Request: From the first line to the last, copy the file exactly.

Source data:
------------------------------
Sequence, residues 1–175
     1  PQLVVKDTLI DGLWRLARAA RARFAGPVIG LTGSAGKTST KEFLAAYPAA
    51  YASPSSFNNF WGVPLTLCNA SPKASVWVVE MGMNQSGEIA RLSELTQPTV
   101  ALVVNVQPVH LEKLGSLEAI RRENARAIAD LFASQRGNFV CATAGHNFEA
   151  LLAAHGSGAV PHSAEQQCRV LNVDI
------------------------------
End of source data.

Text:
Sequence, residues 1–175
     1  PQLVVKDTLI DGLWRLARAA RARFAGPVIG LTGSAGKTST KEFLAAYPAA
    51  YASPSSFNNF WGVPLTLCNA SPKASVWVVE MGMNQSGEIA RLSELTQPTV
   101  ALVVNVQPVH LEKLGSLEAI RRENARAIAD LFASQRGNFV CATAGHNFEA
   151  LLAAHGSGAV PHSAEQQCRV LNVDI